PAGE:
Council of the European Union Brussels, 1 February 2017 (OR. en)
JUR 58 JAI 83 DAPIX 36 TELECOM 28 COPEN 27 CYBER 14 DROIPEN 12 INFORMATION NOTE From: To:
Legal Service Permanent Representatives Committee (Part 2)
Judgment of the Court of 21 December 2016 in joined Cases C-203/15 and C-698/15 (Tele2 and Watson) - Requests for a preliminary ruling concerning the interpretation of Article 15(1) of the e-privacy Directive (2002/58/EC) - Compatibility with EU law of national legislations on general data retention for the purpose of fighting crime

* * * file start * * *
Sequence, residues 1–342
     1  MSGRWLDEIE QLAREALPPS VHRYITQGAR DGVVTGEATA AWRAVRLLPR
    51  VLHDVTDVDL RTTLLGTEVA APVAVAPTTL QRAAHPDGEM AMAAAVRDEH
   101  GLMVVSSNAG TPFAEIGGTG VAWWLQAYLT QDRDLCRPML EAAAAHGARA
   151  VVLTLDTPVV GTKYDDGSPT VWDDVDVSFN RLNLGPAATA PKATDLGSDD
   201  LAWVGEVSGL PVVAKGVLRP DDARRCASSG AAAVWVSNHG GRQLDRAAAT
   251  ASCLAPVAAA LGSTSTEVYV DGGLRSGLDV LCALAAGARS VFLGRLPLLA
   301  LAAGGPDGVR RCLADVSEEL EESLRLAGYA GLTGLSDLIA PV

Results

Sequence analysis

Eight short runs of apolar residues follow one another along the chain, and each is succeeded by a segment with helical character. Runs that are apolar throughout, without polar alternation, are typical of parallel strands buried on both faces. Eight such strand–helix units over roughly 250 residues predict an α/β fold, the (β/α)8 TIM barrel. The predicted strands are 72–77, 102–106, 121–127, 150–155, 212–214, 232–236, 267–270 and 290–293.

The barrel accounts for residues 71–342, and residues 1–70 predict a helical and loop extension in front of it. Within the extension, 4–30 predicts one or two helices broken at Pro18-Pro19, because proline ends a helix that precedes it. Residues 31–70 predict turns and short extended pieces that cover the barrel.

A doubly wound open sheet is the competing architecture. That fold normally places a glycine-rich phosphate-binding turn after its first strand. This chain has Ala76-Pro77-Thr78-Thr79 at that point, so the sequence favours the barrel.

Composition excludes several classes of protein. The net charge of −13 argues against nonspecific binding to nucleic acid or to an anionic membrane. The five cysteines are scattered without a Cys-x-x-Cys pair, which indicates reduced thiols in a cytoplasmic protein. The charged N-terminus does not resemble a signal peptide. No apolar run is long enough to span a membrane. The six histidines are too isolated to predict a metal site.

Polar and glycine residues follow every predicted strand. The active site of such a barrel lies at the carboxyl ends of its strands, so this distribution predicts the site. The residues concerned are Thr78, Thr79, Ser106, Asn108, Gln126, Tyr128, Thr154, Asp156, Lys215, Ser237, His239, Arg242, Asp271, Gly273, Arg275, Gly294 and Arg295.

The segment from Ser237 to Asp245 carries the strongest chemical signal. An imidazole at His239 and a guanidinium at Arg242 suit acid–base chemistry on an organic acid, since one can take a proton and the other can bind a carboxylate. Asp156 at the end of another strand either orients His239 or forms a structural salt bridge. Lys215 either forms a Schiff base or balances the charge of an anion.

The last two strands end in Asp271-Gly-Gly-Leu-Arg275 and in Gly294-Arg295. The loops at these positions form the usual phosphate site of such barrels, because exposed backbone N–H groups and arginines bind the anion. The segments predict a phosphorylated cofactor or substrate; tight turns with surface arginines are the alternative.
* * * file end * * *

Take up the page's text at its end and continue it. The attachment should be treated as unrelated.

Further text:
DOCUMENT PARTIALLY ACCESSIBLE TO THE PUBLIC 29.03.2017 I.
By its judgment of 21 of December 2016, the Court of Justice (Grand Chamber) ruled on the requests for a preliminary ruling made by the Administrative Court of Appeal, Stockholm, Sweden (Case C-203/15, Tele2) and the Court of Appeal, Civil Division, England and Wales, United Kingdom (Case C-698/15, Watson and others). The two cases were joined. As these were interpretation cases without an invalidity issue being raised, the Council did not intervene in the proceedings, but given the importance of this judgment, an information note was warranted.